In his DNC speech, President Obama kept it 100

Luther Vandross was outed as gay after his death.

In his primetime speech at the Democratic National Convention Wednesday night, President Obama was the standard bearer of hope his supporters voted for eight years ago and the optimistic bridge builder that was introduced to the national stage four years before that.

In an election year marked by divisions, hate and racial strife, the commander-in-chief stayed positive. And he provided the friendliest, most ubpeat beatdown of Donald Trump we’ll find this campaign season.

In the twilight of his administration, and in the midst of the most crucial presidential election in generations, the president had numerous tasks to fulfill at the Wells Fargo Center in Philadelphia. As the leader of the nation but also of his party, it was one of his last, best opportunities to highlight his accomplishments, pass the torch to the woman who would inherit his legacy — Hillary Clinton — and remind everyone of what is at stake.

“A lot’s happened over the years. And while this nation has been tested by war and recession and all manner of challenge – I stand before you again tonight, after almost two terms as your President, to tell you I am even more optimistic about the future of America. How could I not be – after all we’ve achieved together?” he said.

President Obama listed the achievements of his tenure in office, such as overcoming the worst recession in 80 years, enacting health care reform, protecting consumers from fraud, reestablishing relations with Cuba and bringing about marriage equality.

While touting his successes, the president did not overdo it, emphasizing unfinished business. “So tonight, I’m here to tell you that yes, we still have more work to do. More work to do for every American still in need of a good job or a raise, paid leave or a decent retirement; for every child who needs a sturdier ladder out of poverty or a world-class education; for everyone who hasn’t yet felt the progress of these past seven and a half years,” he said, noting that the nation must make its criminal justice system fairer and live up to its creed that everyone is created equal and free.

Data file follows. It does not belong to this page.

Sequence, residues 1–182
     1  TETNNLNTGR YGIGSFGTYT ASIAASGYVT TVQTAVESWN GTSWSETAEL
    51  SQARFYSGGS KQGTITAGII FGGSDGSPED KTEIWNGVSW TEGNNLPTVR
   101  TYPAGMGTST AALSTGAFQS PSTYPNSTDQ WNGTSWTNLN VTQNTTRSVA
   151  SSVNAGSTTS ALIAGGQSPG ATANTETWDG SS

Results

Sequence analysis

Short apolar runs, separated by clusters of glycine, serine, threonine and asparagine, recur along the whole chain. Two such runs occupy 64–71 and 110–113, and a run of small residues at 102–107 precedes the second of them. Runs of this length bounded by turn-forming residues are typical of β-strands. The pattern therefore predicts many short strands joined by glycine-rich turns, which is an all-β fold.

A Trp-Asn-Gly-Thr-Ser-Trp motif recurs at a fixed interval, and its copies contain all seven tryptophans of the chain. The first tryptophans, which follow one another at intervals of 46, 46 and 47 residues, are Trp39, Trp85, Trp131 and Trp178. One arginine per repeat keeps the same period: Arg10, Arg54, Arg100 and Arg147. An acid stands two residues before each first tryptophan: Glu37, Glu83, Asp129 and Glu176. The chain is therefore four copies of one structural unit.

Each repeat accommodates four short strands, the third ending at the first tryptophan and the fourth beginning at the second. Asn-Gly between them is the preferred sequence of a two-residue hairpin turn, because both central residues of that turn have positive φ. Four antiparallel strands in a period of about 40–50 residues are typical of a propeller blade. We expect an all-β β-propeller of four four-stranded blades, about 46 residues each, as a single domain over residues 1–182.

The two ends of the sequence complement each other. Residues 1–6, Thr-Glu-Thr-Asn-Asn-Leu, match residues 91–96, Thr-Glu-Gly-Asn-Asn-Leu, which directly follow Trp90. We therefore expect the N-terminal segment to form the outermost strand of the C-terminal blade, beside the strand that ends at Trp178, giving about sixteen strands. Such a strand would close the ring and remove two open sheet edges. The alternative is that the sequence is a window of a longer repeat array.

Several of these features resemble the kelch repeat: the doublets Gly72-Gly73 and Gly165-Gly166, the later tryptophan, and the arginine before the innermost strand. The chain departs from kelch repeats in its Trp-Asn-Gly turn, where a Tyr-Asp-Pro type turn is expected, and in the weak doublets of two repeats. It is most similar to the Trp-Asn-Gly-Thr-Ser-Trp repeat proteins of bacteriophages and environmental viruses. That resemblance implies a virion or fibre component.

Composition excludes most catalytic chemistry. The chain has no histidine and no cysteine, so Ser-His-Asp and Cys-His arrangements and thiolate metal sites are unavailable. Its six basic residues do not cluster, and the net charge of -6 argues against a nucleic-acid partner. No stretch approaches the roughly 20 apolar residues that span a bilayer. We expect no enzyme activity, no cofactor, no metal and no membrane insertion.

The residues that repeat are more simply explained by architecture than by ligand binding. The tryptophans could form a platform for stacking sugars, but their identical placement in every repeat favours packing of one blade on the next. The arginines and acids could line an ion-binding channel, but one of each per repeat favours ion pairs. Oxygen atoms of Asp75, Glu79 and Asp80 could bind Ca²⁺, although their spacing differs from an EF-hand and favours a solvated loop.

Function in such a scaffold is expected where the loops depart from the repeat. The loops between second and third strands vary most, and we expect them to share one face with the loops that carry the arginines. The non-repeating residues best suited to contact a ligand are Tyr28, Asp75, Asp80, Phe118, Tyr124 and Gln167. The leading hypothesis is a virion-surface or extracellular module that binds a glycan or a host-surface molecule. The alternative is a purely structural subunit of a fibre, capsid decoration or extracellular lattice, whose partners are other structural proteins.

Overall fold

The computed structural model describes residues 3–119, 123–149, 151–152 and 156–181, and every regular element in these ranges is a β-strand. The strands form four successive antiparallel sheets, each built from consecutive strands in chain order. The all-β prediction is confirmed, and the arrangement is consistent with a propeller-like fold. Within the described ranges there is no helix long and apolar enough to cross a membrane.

In that vein, President Obama laid out the stakes in this not-so-typical political season, in which the voters are presented with a “fundamental choice about who we are as a people, and whether we stay true to this great American experiment in self-government.” He took righteous stabs at the Republican party and its front man and pointed out the clear contrasts with the Democrats. “But what we heard in Cleveland last week wasn’t particularly Republican – and it sure wasn’t conservative. What we heard was a deeply pessimistic vision of a country where we turn against each other, and turn away from the rest of the world,” Obama told the convention crowd.

“There were no serious solutions to pressing problems – just the fanning of resentment, and blame, and anger, and hate.  And that is not the America I know,” he added.

“And then there’s Donald Trump. He’s not really a plans guy. Not really a facts guy, either. He calls himself a business guy, which is true, but I have to say, I know plenty of businessmen and women who’ve achieved success without leaving a trail of lawsuits, and unpaid workers, and people feeling like they got cheated,” the president insisted. “Does anyone really believe that a guy who’s spent his 70 years on this Earth showing no regard for working people is suddenly going to be your champion? Your voice? If so, you should vote for him.”